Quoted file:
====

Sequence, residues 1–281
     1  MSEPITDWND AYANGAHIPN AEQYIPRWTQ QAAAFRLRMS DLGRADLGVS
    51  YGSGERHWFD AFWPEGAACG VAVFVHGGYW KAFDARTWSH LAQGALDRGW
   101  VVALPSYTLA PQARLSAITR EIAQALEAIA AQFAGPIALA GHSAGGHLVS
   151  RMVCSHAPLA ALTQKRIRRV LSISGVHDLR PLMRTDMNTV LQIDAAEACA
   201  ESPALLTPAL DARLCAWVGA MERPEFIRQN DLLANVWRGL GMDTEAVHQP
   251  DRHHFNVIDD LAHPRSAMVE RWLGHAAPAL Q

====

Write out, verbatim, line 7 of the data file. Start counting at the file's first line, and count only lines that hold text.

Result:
   251  DRHHFNVIDD LAHPRSAMVE RWLGHAAPAL Q